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Commonsense fairness - CEO pay

By Klaas Woldring - posted Monday, 16 March 2009

The issue of huge payments to CEOs has finally reached crisis proportions. For decades political leaders have called for restraint but in reality have done very little about it. In fact, they are very much part of the problem. Recently, Prime Minister Kevin Rudd condemned the excessive salary packages, even at the G20 summit.

He has delegated the task of bureaucratic oversight to APRA (Australian Prudential Regulation Authority). However, APRA only wishes to avoid excessive risk-taking in Australia's financial institutions. APRA has said that it does not intend to focus on the levels of compensation paid to executives.

The real issue is what to do about it. It certainly requires political will and intervention to set remuneration levels. Remember first of all that there is little or no correlation between CEO's compensation and organisational performance. There are numerous instances of obscenely high payments for CEOs while poor organisational performance is the norm. The "pay peanuts and you get monkeys" justification of high packages is nonsense. Other factors are relentlessly driving that spiral. What should be the guiding principle when seeking remedies and who should implement them?


Above all let's be guided by common sense fairness. The average wage is about $52,000 a year. The Pacific Brand CEO’s package is $1.8 million - about 35 times the average wage. However, there are many packages that come to 75 times, or even 100 times that. The spiral is totally out of control.

Clearly this situation requires government intervention. There is no sound reason at all why governments should not mandate as to remunerations for private sector CEOs and executives.

The position taken by the Australian Institute of Company Directors (AICD), recently restated, is that only Corporate Boards can set CEO pay levels, but this has proven to be painfully self-serving and inadequate. Government intervention could be done best by legislating for a maximum ratio based on the average wage of 1:10 as the maximum base salary package for a CEO. I suggest that this is would be a very generous proposition. That cap would result in a maximum CEO base salary of $520,000.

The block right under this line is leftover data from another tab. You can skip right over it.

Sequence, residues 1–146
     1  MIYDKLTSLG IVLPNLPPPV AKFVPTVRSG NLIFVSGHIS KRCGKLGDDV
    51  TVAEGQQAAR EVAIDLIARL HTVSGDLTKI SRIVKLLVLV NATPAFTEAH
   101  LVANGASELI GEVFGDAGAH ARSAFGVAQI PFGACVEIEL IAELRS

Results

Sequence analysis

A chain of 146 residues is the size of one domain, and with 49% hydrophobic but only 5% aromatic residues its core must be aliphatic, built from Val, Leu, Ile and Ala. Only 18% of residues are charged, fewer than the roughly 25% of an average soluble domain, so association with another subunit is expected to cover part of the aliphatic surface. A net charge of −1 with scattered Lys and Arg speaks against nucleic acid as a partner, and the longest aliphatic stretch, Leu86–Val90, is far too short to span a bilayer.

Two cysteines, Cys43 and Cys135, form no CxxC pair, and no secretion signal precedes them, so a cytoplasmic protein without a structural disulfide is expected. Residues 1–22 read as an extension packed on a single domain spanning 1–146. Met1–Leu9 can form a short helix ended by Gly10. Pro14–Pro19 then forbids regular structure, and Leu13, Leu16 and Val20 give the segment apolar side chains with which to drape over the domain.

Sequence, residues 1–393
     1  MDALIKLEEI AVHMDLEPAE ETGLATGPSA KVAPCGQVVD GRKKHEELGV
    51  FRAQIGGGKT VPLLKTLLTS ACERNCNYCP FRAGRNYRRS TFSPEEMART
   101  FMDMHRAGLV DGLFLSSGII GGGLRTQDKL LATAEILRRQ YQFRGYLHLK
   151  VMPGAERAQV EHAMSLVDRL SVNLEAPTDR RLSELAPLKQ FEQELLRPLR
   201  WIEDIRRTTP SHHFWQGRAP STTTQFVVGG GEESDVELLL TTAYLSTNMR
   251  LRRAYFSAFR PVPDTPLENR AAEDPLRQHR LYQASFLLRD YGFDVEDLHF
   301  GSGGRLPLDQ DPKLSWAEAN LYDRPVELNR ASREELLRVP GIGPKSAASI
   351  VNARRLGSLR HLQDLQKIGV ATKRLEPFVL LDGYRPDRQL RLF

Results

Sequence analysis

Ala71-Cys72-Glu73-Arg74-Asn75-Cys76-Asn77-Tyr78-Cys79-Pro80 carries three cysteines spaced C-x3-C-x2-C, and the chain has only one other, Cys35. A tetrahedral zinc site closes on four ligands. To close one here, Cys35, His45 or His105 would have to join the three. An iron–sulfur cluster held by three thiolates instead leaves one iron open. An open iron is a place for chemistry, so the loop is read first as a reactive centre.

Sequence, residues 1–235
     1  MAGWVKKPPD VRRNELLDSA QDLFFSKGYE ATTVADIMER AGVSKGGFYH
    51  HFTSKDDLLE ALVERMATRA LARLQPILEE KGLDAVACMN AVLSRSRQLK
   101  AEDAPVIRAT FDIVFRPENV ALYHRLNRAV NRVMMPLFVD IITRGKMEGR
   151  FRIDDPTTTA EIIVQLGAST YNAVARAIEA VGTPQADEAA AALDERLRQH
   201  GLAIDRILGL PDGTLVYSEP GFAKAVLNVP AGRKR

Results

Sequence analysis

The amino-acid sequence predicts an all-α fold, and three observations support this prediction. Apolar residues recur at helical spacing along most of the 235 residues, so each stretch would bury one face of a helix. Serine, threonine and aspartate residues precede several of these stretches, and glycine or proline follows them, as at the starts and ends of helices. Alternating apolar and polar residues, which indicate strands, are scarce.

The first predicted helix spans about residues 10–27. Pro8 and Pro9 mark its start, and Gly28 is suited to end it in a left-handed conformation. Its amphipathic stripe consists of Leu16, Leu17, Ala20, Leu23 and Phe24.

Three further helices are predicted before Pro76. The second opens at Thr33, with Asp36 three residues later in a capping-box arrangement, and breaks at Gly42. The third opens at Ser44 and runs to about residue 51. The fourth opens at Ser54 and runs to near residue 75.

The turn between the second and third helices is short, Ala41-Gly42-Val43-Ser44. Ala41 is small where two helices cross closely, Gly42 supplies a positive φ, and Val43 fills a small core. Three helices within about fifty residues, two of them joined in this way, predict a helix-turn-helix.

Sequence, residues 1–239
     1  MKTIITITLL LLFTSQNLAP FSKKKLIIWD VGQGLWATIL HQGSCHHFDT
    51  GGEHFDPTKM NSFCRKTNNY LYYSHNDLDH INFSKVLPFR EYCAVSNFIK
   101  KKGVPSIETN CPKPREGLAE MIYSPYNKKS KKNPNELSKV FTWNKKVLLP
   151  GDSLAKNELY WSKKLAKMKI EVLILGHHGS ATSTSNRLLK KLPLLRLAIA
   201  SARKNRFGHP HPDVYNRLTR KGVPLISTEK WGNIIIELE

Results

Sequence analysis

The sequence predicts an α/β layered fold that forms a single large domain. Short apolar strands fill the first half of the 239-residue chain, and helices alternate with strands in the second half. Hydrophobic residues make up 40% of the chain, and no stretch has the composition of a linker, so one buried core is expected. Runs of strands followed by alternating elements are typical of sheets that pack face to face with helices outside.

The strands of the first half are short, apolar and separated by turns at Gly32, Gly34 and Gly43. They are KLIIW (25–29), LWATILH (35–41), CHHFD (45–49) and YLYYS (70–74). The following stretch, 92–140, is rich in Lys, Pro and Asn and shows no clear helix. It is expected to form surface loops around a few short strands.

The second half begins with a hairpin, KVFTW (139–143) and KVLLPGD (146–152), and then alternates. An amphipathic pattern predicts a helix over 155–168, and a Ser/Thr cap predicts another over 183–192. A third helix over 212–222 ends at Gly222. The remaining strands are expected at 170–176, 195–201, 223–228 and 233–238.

Surely all income derives from the same common economy. An egalitarian society cannot afford double standards: democracy or plutocracy is the choice here. Quite apart from this ideological preference, the practicalities of containing unsustainable wage increases and/or workweek reductions surely demand not just brakes but serious reductions in CEO packages as well.

Disappointingly, several ALP Ministers have already said that it would be "very difficult to do something about it". Why would that be so? Well, politicians often have a life after Parliament and many join the corporate elite as directors or consultants. There are plenty examples of this. Former New South Wales Premiers Nick Greiner and Bob Carr come to mind. Both are earning far in excess of their salaries as premiers. We could also mention the former ALP Federal Minister Graham Richardson, and many others. Politicians would not be interested in upsetting possible future providers of corporate benefits.

Furthermore, both major parties are beneficiaries of very substantial corporate donations at election time, the subject of a current Parliamentary inquiry initiated by the courageous ALP Senator Faulkner. It remains to be seen if Faulkner will be successful. Public outrage is intensifying as a result of media coverage. Remarkably, it doesn't seem to occur to the political leaders that drastically tackling this issue would actually result in the approval of a great majority of voters!


There are other measures that could be introduced, either in addition or independently:

  1. shareholders could be empowered to approve executive salaries;
  2. a very progressive income tax above a certain income level could be levied, say above $100,000; and
  3. employee share ownership schemes and workplace democratic institutions could be introduced, as done in the US and Europe for decades already. Australia is very late with this.

The Australian Shareholders' Association (ASA), in a recent draft for consultation purposes, while supporting the view of AICD on Board prerogatives, do want to give shareholders a much stronger voice in approving or disapproving remuneration reports and recommendations. At present they can only voice an opinion. Moreover, mostly even the big institutional shareholders have gone along with recommendation by Corporate Boards. Clearly, empowering shareholders would also require new legislation - therefore government intervention.

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About the Author

Dr Klaas Woldring is a former Associate Professor of Southern Cross University.

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